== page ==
When I think of U.S. Secret Service agent, I picture Clint Eastwood in the 1993 movie In the Line of Fire. Eastwood played Frank Horrigan, a fictional agent who failed to stop the assassination of President John F. Kennedy in Dallas in 1963. Horrigan/Eastwood is overcome with guilt and anger. He must redeem himself. And, knowing Clint, we know he will.
Like a lot of Americans, I have a romantic notion of Secret Service agents, people who will go as far as to take a bullet for the president (as Tim McCarthy did for Ronald Reagan in 1981). But in May, I got to meet an actual agent in person at a conference for the Family Wealth Alliance in Chicago. His name was Thomas N. Kasza, and he had served in the agency for 25 years. He didn't do much to change my notion of what these people are made of (setting aside for the moment the recent scandal in Colombia).
At an opening dinner for the conference, he caught my attention with his gravitas. A middle-aged man with curly, graying hair and a dark suit (but no sunglasses, since it was the evening), he never attempted to draw attention. Yet he was a silent magnet.
Kasza has been interested in law enforcement since he was 5 years old. He joined the Secret Service when he turned 21 after graduating from Western Illinois University with a law enforcement degree. Like most successful agents, he does not consider himself to be James Bond. He is a generous, sincere, good-hearted and lovely man, someone almost fatherly-though not my father of course, because I'm old enough to be his mother. He listens to everyone and takes careful note.
He joined the Secret Service in 1983, two years after President Reagan was shot. From 1990 to 1995, he was assigned to the D.C. office where he did a brief tour protecting Reagan, George H.W. Bush and Bill Clinton. In 1995, he arranged security for the Mass in Central Park by Pope John Paul II. He even got to meet the pontiff.
"It was a thrill," says Kasza, who is Roman Catholic. "But not during the event," when security was the priority. "The Mass was on Saturday, and we got to meet him on Sunday."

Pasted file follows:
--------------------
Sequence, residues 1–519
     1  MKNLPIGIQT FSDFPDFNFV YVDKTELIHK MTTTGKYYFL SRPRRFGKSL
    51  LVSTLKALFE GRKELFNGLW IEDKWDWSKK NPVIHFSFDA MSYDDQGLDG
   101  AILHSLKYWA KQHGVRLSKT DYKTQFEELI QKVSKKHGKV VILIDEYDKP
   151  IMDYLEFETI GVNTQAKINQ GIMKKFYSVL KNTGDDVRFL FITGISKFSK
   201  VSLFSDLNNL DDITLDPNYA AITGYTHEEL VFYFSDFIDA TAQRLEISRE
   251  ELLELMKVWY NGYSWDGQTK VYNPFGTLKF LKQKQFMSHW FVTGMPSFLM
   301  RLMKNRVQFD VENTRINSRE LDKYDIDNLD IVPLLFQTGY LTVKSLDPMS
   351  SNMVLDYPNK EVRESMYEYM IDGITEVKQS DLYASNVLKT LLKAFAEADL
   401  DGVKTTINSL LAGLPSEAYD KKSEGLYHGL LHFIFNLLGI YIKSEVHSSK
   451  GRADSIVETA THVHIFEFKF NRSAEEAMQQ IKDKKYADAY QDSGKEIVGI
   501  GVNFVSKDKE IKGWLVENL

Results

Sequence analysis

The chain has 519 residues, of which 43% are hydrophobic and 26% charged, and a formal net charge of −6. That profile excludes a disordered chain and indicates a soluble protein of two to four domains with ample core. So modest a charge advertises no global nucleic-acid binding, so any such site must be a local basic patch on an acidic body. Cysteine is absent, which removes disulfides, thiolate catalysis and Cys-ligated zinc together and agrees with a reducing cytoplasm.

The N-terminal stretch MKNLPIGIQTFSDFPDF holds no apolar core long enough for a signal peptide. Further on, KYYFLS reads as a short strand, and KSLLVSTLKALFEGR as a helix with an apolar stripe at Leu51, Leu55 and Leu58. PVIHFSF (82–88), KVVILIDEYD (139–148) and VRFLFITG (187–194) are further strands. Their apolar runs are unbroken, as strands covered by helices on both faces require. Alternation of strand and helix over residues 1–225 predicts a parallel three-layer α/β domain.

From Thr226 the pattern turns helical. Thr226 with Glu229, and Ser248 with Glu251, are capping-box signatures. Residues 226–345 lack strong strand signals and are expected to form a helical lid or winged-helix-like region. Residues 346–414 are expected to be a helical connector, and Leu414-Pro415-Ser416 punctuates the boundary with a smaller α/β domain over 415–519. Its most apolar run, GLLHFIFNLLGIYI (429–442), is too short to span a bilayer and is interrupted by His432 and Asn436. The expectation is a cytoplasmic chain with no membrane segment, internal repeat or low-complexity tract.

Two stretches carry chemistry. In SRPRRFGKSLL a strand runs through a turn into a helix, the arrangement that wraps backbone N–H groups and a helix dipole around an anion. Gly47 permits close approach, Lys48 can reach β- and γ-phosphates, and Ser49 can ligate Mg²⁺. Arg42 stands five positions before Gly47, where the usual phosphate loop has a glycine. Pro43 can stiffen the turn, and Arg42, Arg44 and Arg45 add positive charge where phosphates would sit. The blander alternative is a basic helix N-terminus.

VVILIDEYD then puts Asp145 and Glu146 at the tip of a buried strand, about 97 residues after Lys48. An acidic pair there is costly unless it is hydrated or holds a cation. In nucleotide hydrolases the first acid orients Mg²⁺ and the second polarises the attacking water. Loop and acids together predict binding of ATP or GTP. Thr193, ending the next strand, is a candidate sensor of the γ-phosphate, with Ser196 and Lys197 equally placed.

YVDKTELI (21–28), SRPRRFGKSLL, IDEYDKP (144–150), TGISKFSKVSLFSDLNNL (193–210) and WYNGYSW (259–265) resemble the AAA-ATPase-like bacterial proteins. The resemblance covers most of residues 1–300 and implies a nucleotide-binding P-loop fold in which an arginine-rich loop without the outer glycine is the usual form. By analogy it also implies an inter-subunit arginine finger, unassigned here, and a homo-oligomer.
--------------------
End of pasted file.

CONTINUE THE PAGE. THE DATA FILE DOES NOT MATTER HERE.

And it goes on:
What does this have to do with financial advising? More than you would think. Agents in the Secret Service, FBI and other bureaus are increasingly moving on to protect wealthy families after leaving government service. Protecting officials is similar to taking care of wealthy family members. The rich face threats to their physical, financial and cyber safety.
Two recent studies by New York firm Rothstein Kass suggest that advisors are growing more concerned about the safety of their wealthy client families. A January 2012 study showed that 80.8% of single family offices provide personal security services-background investigations, hacker-proof computer systems and protection personnel-up from 59.8% two years ago.
About 90% of family offices surveyed said they expected security threats to their clients to intensify in the future because of the poor global economy and the growing wealth gap between the rich and poor.
Rothstein Kass released another study in May 2012 called The Family Office Model: A Smart Move for the Financial Advisor? examining how traditional financial advisors are confronting the growing demand for family office services among their wealthy clients. Nearly 80% of financial advisors polled were interested in providing some level of multifamily office support. Roughly 60% said they would consider introducing family office services for select clients, while an additional 17% expressed interest in launching a comprehensive platform.
"Our latest research shows that the majority of traditional financial advisors have started to explore the benefits associated with a shift toward a family office model," says Rick Flynn, head of the Rothstein Kass Family Office Group. "These advantages can include greater client retention, enhanced revenues and improved client acquisition."
Kasza had never heard of a family office until after he left the Secret Service and became involved with one. He went to work with an asset management firm to build a security program and then got involved in the CEO's family office.
Among the common problems faced by wealthy families is the embezzlement of their money by employees, often over long periods of time. When families are alerted to these crimes, they are typically in denial, Kasza says, and reject the report. Why would somebody so close betray them? Typically, the motive is greed or the employee's feeling of entitlement or even behavioral problems. It makes it more difficult for the family to trust anyone.
In December 2011, Kasza was recruited by Hillard Heintze, a security firm based in Chicago, to serve as senior vice president and managing director of strategic relationships. The firm was founded in 2004 by Terry Hillard, who previously served as Chicago police superintendent, leading 13,500 officers, and Arnette Heintze, who has planned, designed and implemented security strategies for U.S. presidents and other world leaders.
"I've known Arnette for over 20 years, and I like them and admire their work ethic," Kasza says.